Taking Steps to Better Health: The Benefits of Walking | Redeemer Health
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Taking Steps to Better Health: The Benefits of Walking

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Walking is one of the most accessible forms of exercise. Other than a sturdy pair of sneakers, you don’t need any special equipment, and the activity offers a multitude of health benefits. Plus, it’s free!

“Walking is such good exercise for most people because it is our most basic form of transporting the body,” says exercise physiologist Robert Catalini, manager of the Health and Fitness Center and Pediatric Rehabilitation at Redeemer Health.

Before starting on a walking regimen, Catalini says, people with conditions such as heart disease, hypertension, diabetes, or a history of stroke should get an all-clear from their doctor. And those who aren’t used to exercise should start gradually, perhaps with a five-minute stroll to the end of their block and back. Then go a little farther the next day. “Gradually increase your time,” Catalini says. “There’s no rush. Getting some form of exercise is better than nothing at all.”

Need incentive to get moving? Consider the following benefits.

  • Trim excess inches: Being overweight can predispose you to other health issues. Walking a mile—which takes 15 to 30 minutes—burns about 100 calories. That means if you walked a mile every day, you would burn 36,500 calories in a year, which translates to losing 10 pounds. Plus, studies have found that walking reduces cravings for sugary foods.
  • Improve heart health: A brisk daily walk elevates your heart rate and reduces your risk of problems such as high blood pressure, high cholesterol, heart attack, and stroke. Walking daily has been shown to reduce the risk of heart disease by 30 to 50%, but walking even a few times a week reduces that risk by 15 to 20%.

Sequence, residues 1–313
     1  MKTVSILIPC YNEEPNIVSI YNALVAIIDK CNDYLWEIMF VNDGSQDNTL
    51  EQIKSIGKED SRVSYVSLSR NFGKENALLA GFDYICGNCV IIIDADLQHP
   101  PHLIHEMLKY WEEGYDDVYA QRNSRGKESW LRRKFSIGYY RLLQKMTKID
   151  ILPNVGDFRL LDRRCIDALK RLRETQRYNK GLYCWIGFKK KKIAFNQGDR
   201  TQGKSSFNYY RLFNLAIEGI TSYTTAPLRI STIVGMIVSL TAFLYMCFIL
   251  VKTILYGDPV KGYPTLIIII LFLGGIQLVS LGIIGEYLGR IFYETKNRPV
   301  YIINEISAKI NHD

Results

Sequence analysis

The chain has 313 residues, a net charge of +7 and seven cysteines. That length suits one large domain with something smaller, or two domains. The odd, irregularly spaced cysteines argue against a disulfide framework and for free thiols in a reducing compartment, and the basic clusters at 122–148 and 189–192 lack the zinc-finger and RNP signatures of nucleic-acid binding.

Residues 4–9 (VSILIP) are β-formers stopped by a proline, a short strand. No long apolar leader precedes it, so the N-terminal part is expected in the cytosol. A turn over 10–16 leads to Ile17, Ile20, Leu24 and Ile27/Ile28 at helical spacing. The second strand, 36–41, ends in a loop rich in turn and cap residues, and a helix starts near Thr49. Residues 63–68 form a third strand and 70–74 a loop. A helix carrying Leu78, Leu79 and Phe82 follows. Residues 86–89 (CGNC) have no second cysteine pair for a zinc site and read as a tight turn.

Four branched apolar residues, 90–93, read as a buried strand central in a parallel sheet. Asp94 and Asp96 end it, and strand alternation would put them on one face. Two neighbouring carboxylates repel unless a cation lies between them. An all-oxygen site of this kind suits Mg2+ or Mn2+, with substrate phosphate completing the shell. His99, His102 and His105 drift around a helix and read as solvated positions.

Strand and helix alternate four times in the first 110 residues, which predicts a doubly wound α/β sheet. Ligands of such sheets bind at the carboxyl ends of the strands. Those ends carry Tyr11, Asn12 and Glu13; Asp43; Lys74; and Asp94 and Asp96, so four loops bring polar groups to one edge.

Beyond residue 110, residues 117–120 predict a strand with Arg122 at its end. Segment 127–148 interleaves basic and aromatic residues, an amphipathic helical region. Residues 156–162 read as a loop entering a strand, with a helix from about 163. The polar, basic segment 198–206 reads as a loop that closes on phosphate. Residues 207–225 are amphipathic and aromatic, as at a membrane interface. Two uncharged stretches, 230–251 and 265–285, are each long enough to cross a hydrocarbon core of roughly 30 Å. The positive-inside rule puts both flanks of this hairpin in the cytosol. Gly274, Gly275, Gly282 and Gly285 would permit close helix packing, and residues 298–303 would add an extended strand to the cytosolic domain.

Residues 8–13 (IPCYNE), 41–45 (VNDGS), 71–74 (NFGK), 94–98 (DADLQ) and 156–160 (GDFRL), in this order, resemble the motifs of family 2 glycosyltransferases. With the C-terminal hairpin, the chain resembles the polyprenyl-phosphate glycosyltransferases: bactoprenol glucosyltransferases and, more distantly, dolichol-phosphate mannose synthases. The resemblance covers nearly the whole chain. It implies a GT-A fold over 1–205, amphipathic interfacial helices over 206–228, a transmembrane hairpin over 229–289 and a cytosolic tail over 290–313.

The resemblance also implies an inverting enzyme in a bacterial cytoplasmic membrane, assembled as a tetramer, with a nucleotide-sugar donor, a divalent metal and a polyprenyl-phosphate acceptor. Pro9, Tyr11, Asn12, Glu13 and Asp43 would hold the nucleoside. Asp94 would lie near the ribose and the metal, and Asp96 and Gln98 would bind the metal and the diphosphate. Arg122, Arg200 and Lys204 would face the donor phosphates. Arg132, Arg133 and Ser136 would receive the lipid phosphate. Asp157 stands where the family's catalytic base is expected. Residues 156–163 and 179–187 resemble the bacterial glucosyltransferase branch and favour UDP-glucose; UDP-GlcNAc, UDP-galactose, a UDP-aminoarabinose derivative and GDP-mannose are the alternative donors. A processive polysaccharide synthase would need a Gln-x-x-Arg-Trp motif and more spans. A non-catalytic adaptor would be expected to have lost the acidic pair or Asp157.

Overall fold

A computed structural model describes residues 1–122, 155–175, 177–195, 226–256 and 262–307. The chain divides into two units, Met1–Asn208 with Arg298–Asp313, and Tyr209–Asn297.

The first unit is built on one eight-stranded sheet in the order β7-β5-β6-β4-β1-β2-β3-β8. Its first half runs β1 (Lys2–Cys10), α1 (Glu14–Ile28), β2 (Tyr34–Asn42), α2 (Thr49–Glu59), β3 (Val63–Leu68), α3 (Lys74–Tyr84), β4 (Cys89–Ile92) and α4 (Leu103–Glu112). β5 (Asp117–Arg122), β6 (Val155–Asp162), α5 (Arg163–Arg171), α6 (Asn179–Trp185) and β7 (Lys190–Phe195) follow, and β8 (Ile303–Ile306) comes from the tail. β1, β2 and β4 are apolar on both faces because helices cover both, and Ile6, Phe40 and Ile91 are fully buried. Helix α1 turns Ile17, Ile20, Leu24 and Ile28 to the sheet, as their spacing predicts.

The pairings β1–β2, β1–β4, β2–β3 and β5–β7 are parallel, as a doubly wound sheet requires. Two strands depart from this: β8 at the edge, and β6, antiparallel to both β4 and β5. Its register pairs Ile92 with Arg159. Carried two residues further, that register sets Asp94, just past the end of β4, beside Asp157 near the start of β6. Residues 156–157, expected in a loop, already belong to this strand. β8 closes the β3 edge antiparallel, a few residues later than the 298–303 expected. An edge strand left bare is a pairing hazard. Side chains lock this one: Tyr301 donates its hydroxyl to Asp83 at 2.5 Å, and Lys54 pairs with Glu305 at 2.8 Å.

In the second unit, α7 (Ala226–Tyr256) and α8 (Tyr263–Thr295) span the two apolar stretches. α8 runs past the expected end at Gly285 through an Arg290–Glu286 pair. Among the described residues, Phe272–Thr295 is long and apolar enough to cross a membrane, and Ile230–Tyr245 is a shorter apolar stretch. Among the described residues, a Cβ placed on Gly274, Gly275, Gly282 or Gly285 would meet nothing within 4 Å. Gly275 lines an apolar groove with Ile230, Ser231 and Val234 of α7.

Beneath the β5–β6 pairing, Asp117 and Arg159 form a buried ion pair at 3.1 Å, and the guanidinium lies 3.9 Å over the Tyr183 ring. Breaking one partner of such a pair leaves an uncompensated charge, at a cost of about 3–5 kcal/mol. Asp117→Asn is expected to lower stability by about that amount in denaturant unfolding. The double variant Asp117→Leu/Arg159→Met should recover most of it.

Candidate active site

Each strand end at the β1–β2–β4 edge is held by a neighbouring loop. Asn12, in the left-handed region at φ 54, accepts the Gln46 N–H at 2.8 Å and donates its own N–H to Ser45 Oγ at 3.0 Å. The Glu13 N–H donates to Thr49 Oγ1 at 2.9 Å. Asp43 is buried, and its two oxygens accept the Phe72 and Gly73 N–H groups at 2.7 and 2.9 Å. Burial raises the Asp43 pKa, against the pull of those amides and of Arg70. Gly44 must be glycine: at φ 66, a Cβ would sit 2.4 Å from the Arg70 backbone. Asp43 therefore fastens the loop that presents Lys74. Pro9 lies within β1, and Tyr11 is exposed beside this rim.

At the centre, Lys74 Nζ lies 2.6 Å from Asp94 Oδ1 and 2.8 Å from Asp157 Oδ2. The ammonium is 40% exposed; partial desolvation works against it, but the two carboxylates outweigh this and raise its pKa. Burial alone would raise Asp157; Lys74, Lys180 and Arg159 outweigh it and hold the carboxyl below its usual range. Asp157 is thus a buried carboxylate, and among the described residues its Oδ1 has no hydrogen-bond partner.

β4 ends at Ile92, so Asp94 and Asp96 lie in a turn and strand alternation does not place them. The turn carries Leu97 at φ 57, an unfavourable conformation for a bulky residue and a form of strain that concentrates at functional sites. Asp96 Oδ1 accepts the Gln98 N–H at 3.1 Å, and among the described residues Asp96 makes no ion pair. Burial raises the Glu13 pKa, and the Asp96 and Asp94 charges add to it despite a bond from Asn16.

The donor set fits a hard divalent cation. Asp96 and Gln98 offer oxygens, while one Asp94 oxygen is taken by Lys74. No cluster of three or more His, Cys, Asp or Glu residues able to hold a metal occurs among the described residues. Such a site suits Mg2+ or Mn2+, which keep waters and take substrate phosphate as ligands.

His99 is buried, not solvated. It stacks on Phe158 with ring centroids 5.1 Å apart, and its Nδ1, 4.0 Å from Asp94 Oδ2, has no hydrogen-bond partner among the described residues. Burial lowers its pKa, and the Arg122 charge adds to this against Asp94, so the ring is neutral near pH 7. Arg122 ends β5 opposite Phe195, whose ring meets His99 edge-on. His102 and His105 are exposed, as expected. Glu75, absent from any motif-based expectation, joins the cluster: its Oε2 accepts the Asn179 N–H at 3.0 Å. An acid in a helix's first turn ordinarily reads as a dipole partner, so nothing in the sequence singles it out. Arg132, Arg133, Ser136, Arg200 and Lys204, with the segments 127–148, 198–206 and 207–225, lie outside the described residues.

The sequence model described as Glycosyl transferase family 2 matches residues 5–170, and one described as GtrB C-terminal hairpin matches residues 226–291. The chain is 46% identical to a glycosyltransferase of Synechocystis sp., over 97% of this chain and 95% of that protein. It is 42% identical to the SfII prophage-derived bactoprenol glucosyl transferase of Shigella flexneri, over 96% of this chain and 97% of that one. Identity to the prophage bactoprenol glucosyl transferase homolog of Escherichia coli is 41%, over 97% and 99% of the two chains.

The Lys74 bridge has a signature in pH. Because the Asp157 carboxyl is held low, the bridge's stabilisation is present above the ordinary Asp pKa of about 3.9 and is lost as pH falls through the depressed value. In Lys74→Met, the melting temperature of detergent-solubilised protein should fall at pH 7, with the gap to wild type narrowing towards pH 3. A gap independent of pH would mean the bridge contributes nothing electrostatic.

• Lower blood sugar: When you walk, your muscles use more glucose, the sugar in your bloodstream. Over time, this can lower your blood sugar levels. It also allows insulin to be used more effectively.
  • Boost your mood: Joggers talk about the “runner’s high,” but you also can get a psychological boost from moving at a slower pace. Walking is reported to increase happiness and reduce anxiety, and a 2019 study published in JAMA Psychiatry found that walking for an hour a day can reduce your risk of major depression.
  • Add years to your life: Walking is linked to a longer lifespan. A major study published in 2020 in JAMA found that the more steps participants over age 40 took, the lower their risk of dying from any causes. Taking into account subjects’ health, researchers found a 51% lower mortality risk for those who took 8,000 steps a day compared with those who took 4,000.  

Walking is also known to reduce pain and boost your immune system. "The exercise is like medicine," Catalini says.

He encourages individuals to come up with a walking program to suit their physical condition, schedule, and lifestyle. "If it doesn't fit your lifestyle, you're not going to continue it," he says. "Your walking program becomes part of your lifestyle by being part of your routine." 

Having a walking buddy or belonging to a walking group can help get you out the door. “If you have friends or neighbors that you can say, ‘Hey let’s go for a walk,’ I think that’s a great thing to do,” Catalini says. “Now it becomes a social thing as well as a physical thing.”

Walkers also can get their steps in while supporting a worthy cause at events such as the fundraising walks Redeemer Health will hold this fall at Bryn Athyn College. The Kohl's + Redeemer Health NICU 6K Walk /Run on September 24 will support Redeemer’s Neonatal Intensive Care Unit. The Hope is Here: 2022 Breast Cancer Awareness Walk on October 15 will support the breast health programs at Redeemer Health in partnership with MD Anderson Cancer Center at Cooper.

Wherever and whenever you elect to walk, Catalini offers the following tips to help ensure a safe and positive experience:

  • Invest in proper footwear. The professionals at your local running store should be able to help.
  • Consider walking indoors, on a treadmill or at a mall, during inclement weather.
  • Avoid walking in the middle of the day in the summer, when it tends to be hottest.
  • Be sure to hydrate.

Now all that's left is to take the first step.